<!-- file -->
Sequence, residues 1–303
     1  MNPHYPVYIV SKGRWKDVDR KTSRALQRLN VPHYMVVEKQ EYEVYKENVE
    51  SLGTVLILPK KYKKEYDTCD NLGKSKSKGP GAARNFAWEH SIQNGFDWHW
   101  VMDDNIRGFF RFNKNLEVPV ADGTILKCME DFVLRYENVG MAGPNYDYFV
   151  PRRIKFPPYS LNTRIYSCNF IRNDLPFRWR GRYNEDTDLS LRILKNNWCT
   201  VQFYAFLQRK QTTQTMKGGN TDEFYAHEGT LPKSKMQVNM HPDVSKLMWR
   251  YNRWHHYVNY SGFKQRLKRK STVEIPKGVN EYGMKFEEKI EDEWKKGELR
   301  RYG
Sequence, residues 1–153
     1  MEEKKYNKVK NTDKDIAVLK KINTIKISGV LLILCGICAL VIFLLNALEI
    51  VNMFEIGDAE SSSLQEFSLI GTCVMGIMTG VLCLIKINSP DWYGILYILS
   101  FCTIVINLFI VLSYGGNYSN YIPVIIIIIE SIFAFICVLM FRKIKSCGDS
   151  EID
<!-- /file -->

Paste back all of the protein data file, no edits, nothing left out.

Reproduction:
Sequence, residues 1–303
     1  MNPHYPVYIV SKGRWKDVDR KTSRALQRLN VPHYMVVEKQ EYEVYKENVE
    51  SLGTVLILPK KYKKEYDTCD NLGKSKSKGP GAARNFAWEH SIQNGFDWHW
   101  VMDDNIRGFF RFNKNLEVPV ADGTILKCME DFVLRYENVG MAGPNYDYFV
   151  PRRIKFPPYS LNTRIYSCNF IRNDLPFRWR GRYNEDTDLS LRILKNNWCT
   201  VQFYAFLQRK QTTQTMKGGN TDEFYAHEGT LPKSKMQVNM HPDVSKLMWR
   251  YNRWHHYVNY SGFKQRLKRK STVEIPKGVN EYGMKFEEKI EDEWKKGELR
   301  RYG
Sequence, residues 1–153
     1  MEEKKYNKVK NTDKDIAVLK KINTIKISGV LLILCGICAL VIFLLNALEI
    51  VNMFEIGDAE SSSLQEFSLI GTCVMGIMTG VLCLIKINSP DWYGILYILS
   101  FCTIVINLFI VLSYGGNYSN YIPVIIIIIE SIFAFICVLM FRKIKSCGDS
   151  EID